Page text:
|67%||76%||71%||One to avoid: These pricey kettles are the least reliable of all the brands we surveyed, so it’s no surprise that it’s customers’ least favourite make, too. More than three in ten kettles in our survey has developed a fault in their first six years, with some catastrophic faults meaning it needed replacing – and they’re certainly not cheap in the first place.|
Reliability scores and owner ratings are based on an April 2019 survey of 4,880 Which? members who own kettles. Brands with a reliability score of 90% and above score 5 stars, 80-89%: 4 stars, 70-79%: 3 stars, 60-69%: 2 stars, less than 60%: 1 star. The average test score is based on results of all tested models still available to buy in June 2019, and this table is correct as of June 2019. There's no average test score for some brands as we've not currently tested any available kettles made by them.
Can't see the brands you're interested in? We didn't get enough responses from owners of brands such as Lakeland, Next, Tefal and more, but you can find out how their kettles score in our independent kettle reviews.
With big differences between how long the best and worst brands stay fault-free, it pays to pick the right kettle brand.
The most reliable make of kettle will set you back a fairly hefty sum, but it’s good news for those who don’t want to splash out more than £30, as a fair few supermarket own-brands go the distance too.
The worst brand in our survey might surprise you – it’s a designer brand whose kettles often retail for £100 or more. More than three in ten of the kettles we surveyed had developed a fault by the six-year mark, which is two more than the most reliable brand managed.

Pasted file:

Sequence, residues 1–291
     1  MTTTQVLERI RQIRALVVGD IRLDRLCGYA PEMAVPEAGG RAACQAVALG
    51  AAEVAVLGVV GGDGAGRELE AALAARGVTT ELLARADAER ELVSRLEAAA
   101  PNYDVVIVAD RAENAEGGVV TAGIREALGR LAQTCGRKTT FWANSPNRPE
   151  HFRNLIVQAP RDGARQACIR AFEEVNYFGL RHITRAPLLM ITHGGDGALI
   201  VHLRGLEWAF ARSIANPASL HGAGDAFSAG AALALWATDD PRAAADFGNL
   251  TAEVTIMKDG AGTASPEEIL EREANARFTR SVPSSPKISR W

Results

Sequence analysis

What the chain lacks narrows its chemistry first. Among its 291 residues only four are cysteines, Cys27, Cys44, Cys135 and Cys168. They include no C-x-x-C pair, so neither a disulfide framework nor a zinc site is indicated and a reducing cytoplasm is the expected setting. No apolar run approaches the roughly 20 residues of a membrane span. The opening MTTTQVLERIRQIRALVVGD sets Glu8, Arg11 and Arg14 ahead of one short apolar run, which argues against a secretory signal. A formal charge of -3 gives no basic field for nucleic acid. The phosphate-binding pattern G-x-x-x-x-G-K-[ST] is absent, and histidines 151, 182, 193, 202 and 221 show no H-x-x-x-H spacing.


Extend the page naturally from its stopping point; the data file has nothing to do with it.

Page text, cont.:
There’s plenty of ways your kettle can let you down, but our survey shows that some faults are much more likely to occur than others. The most commonly reported faults are:
Every single brand in our survey had at least one kettle that developed a faulty lid in its first six years of ownership. This shouldn’t mean you have to throw the whole kettle away, provided that you can still fill easily through the spout and it doesn’t let hot steam come into contact with your hand.
Broken filters are the second most common fault. Luckily, you don’t necessarily need to replace the kettle if this happens. Look online for spare limescale filters – they shouldn’t cost more than a few pounds.
Several kettles are also plagued by leaking. This includes escaping steam, water spilling from the spout or water dripping making a mess of your work surface, and can be harder to fix.
Descale your kettle to stop it breaking down
There’s often little you can do to stop your appliance from breaking down, but there’s one preventable culprit behind many recorded faults in our survey – limescale.
Limescale can cause a range of issues, from rust-coloured deposits inside the kettle, to faulty lids and even leaking. Scale deposits can wedge into the sealant, forcing it apart.
Make sure you descale your kettle regularly (at least every few months, or when deposits start to build up). Your manufacturer may recommend a method, otherwise you buy a descaling solution, or boil dilated vinegar or lemon juice and leave it overnight.
Now you know the brands worth buying, browse our kettle reviews to find the perfect fit for your kitchen.